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New Zealand jobless rate drops to 11-year low, wages surge

New Zealand unemployment dropped to an 11-year low in the second quarter and wages surged after an increase in minimum pay rates.

[WELLINGTON] New Zealand unemployment dropped to an 11-year low in the second quarter and wages surged after an increase in minimum pay rates.

The jobless rate fell to 3.9 per cent from 4.2 per cent in the previous three months, Statistics New Zealand said Tuesday in Wellington - the lowest level since mid-2008 and significantly below economists' 4.3 per cent estimate. Hiring jumped 0.8 per cent from the first quarter while non-government wages also increased 0.8 per cent, the most in more than a decade.

The report is the final key piece of data before the Reserve Bank makes a decision on interest rates Wednesday against a backdrop of a cooling domestic economy and rate reductions by global peers. While signs of a tighter labour market are unlikely to deter the RBNZ from cutting the official cash rate to a record-low 1.25 per cent, they may steer it away from signaling a more aggressive easing cycle, some economists said.

"This data will not affect the RBNZ's OCR decision tomorrow – we still think a cut is all but assured," said Michael Gordon, senior economist at Westpac Banking Corp in Auckland. "However, prior to this data we were actively considering the possibility of the RBNZ following up with another cut in September. This strong labor market report reduces the odds of a September cut."

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The Kiwi dollar jumped after the report. It bought 65.58 US cents at 12pm in Wellington from 65.27 cents immediately before the release.

New Zealand's economy has been slowing amid a slump in business and consumer confidence that has hurt hiring and spending. Economists had expected only a slight rebound in second-quarter employment after a decline in the previous three months, while indicators of hiring intentions and job advertising suggested slower annual jobs growth.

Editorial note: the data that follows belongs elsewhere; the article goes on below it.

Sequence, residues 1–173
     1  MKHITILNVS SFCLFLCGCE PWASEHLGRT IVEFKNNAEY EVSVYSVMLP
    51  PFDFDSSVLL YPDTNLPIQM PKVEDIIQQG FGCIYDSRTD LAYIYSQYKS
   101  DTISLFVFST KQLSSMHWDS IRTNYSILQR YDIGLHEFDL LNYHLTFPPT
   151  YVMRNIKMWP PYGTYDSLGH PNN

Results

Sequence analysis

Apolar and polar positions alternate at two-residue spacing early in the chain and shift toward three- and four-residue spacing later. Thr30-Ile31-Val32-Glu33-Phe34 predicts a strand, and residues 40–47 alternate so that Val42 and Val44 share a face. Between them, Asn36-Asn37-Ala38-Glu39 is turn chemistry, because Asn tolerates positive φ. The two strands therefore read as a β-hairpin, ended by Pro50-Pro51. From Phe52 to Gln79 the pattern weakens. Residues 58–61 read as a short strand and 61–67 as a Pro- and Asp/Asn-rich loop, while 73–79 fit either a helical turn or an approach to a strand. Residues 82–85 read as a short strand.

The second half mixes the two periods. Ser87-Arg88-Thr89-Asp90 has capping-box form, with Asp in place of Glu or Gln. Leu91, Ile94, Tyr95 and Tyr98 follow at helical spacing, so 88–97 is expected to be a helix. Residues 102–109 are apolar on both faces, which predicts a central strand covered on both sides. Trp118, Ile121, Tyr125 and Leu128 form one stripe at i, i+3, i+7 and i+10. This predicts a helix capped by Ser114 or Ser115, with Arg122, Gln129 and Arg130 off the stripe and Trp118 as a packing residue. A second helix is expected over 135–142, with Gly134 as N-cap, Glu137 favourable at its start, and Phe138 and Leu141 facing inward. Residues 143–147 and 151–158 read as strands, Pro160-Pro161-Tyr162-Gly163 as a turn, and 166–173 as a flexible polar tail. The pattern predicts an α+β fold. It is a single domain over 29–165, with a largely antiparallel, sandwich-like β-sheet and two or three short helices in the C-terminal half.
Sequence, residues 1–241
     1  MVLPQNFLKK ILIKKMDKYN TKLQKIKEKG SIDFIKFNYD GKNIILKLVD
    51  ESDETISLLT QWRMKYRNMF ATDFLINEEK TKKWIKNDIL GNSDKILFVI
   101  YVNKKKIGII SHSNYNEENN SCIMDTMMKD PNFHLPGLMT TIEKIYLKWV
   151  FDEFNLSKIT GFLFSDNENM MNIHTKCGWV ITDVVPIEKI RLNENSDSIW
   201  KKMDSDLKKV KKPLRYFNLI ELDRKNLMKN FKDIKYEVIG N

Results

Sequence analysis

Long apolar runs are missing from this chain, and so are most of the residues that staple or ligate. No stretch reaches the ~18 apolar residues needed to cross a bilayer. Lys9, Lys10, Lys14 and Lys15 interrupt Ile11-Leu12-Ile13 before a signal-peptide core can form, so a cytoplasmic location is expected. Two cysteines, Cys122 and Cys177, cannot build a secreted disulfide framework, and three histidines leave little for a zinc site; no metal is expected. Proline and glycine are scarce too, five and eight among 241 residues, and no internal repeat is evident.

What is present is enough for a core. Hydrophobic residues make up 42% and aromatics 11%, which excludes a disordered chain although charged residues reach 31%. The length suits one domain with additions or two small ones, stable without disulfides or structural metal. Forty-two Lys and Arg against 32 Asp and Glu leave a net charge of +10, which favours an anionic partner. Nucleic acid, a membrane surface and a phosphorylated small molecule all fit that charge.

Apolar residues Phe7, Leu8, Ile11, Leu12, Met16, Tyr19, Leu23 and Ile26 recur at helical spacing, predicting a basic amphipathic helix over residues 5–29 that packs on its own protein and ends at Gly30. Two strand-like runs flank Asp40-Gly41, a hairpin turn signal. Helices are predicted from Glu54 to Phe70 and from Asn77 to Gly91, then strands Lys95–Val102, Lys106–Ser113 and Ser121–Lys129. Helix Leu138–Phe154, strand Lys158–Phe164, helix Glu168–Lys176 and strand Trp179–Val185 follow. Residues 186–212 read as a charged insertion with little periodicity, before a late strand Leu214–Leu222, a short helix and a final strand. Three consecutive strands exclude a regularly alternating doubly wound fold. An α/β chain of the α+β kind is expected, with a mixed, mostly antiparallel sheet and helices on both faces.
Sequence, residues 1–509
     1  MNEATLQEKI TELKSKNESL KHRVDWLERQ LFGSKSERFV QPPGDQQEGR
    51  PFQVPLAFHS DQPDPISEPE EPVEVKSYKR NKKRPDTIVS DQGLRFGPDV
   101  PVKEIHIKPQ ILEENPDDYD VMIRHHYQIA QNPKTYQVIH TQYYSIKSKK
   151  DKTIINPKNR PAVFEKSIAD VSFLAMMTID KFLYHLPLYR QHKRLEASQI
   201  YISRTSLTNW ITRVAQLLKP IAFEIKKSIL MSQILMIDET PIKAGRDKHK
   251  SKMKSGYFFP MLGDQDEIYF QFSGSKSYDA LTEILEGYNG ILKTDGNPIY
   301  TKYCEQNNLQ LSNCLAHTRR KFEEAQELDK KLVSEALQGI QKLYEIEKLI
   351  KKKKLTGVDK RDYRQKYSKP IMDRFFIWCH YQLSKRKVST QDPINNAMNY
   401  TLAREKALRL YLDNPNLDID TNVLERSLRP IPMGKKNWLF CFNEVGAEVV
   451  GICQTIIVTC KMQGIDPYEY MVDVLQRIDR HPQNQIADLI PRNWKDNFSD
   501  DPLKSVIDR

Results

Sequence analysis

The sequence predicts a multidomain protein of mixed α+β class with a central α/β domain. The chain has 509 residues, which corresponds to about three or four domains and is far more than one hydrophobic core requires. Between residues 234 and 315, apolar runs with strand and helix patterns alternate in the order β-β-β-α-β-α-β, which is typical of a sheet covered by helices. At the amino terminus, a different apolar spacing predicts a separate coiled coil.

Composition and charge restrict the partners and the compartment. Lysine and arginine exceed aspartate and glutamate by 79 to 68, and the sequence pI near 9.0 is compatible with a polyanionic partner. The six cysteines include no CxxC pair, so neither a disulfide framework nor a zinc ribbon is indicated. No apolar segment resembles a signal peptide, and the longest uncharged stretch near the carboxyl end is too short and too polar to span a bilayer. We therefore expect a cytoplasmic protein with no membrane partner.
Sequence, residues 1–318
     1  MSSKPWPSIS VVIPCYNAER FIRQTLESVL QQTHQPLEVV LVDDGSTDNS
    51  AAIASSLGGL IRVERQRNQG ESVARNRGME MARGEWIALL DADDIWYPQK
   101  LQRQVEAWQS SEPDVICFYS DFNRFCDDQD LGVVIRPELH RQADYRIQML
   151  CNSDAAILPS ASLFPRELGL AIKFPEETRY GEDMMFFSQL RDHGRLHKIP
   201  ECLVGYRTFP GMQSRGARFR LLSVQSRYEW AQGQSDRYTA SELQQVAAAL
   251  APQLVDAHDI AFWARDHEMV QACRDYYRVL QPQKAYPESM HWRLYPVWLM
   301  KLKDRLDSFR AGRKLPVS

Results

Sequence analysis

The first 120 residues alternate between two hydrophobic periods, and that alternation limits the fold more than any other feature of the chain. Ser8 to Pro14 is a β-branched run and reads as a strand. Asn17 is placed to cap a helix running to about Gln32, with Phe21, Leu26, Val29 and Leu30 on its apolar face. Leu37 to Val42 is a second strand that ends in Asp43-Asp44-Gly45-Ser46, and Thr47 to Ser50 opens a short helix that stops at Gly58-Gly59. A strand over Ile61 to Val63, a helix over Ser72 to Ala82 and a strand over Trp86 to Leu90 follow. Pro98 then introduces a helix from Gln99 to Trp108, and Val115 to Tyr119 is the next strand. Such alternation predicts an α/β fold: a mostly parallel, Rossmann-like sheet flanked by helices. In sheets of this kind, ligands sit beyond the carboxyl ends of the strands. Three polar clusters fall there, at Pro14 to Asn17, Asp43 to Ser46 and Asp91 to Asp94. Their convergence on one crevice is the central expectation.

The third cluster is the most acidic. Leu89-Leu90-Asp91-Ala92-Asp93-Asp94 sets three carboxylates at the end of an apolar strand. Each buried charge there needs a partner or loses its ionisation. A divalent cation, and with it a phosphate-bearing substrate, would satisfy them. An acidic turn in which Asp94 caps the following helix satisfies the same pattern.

Instead, employment rose 1.7 per cent from a year earlier, compared with economists' estimate of 1.2 per cent. The labor force participation rate held steady at 70.4 per cent.

The Reserve Bank, which has maximum sustainable employment as part of its mandate, is likely to still focus on future trends for employment, said ANZ Bank New Zealand chief economist Sharon Zollner, who earlier today forecast three more rate cuts this year.

"‘The outlook for the labor market remains concerning," she said. "The labour market lags the overall activity cycle and there's no sign that domestic growth is going to recover sharply from here. We expect the unemployment rate to move up over the next year."


New Zealand wage inflation, which has been relatively benign despite a declining jobless rate and skills shortages in many industries, received a shot in the arm from the government's increase in the minimum hourly pay rate, which took effect on April 1.

The statistics agency estimated about 0.2 percentage point of the 0.8 per cent quarterly gain in non-government, ordinary time wages reflected the minimum wage adjustment.

"The tightness seen so far in the labor market has started to lift underlying wage inflation higher, and is consistent with anecdotes that firms are struggling with cost pressures," said Ms Zollner. Still, "outside of regulated wage increases, underlying wage inflation is picking up only very slowly," she said.